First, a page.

Jacob ben Judah of London

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Jacob ben Judah Hazzan was a 13th-century Jewish legal codifier based in London, England. His grandfather was one Jacob he-Aruk (possibly Jacob le Long). In 1287 Jacob wrote Etz Chaim a ritual code in two parts, containing 646 sections respectively, dealing with the whole sphere of Halakah, and following in large measure Maimonides in the Mishneh Torah, though Jacob utilized also the Halakot Gedolot, the Siddur of Amram Gaon, and the works of Moses of Coucy, Alfasi and the tosafists. He quotes, furthermore, Isaac ben Abraham, Moses of London and Berechiah de Nicole (Lincoln). Some verses by him are also extant.

The Etz Chaim still exists in a manuscript which formerly belonged to Johann Christoph Wagenseil and is now in the Rathsbibliothek in Leipzig. The work is of interest as the chief literary production of an English Jew before the Edict of Expulsion of 1290, and gives an account of the ritual followed by the Jews of England at that date.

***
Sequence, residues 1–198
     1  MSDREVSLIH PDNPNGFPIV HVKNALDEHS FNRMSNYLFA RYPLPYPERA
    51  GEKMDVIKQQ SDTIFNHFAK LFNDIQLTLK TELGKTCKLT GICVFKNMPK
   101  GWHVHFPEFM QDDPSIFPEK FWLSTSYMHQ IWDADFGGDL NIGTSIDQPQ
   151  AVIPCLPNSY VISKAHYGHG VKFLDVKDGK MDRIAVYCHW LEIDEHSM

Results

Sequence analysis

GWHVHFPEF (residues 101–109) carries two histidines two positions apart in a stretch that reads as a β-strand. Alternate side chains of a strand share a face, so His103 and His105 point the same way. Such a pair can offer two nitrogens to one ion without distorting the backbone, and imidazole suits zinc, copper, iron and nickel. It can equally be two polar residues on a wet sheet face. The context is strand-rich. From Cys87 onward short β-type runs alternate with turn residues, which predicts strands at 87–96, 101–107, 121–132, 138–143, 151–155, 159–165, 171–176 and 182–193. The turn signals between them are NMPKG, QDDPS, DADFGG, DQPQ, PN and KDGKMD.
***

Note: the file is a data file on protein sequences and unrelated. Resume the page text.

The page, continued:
Sources[edit]

 This article incorporates text from a publication now in the public domainJoseph Jacobs (1901–1906). "Jacob ben Judah Hazzan of London". In Singer, Isidore; et al. (eds.). The Jewish Encyclopedia. New York: Funk & Wagnalls. Jewish Encyclopedia bibliography: H. Adler, in Papers of the Anglo-Jewish Historical Exhibition, p. 276, London, 1888; idem, in Steinschneider Festschrift, pp. 241–242; D. Kaufmann, as above and in J. Q. R. v. 353-374.J.